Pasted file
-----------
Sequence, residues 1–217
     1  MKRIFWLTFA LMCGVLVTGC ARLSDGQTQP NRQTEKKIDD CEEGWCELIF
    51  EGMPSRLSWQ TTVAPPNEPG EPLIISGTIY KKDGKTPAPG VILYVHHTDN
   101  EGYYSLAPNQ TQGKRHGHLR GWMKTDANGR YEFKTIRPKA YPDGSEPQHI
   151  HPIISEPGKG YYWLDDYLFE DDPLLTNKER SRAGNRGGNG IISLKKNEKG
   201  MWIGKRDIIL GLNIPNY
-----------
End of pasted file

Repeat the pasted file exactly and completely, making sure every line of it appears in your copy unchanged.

Sequence, residues 1–217
     1  MKRIFWLTFA LMCGVLVTGC ARLSDGQTQP NRQTEKKIDD CEEGWCELIF
    51  EGMPSRLSWQ TTVAPPNEPG EPLIISGTIY KKDGKTPAPG VILYVHHTDN
   101  EGYYSLAPNQ TQGKRHGHLR GWMKTDANGR YEFKTIRPKA YPDGSEPQHI
   151  HPIISEPGKG YYWLDDYLFE DDPLLTNKER SRAGNRGGNG IISLKKNEKG
   201  MWIGKRDIIL GLNIPNY